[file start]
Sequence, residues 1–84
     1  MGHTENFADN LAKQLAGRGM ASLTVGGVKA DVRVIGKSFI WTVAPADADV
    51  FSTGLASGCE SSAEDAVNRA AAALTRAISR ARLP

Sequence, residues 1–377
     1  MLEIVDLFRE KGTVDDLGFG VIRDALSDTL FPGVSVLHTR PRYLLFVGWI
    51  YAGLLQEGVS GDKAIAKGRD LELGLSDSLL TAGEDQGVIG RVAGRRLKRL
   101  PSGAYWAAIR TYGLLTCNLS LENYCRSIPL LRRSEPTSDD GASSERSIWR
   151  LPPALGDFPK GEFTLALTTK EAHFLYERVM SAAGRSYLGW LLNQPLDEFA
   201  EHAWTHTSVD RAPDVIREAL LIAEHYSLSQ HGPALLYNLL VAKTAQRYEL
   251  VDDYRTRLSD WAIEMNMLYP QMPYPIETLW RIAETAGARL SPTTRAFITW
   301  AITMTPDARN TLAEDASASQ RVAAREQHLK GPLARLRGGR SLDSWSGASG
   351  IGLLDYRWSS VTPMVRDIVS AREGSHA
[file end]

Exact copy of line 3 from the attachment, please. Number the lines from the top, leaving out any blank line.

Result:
    51  FSTGLASGCE SSAEDAVNRA AAALTRAISR ARLP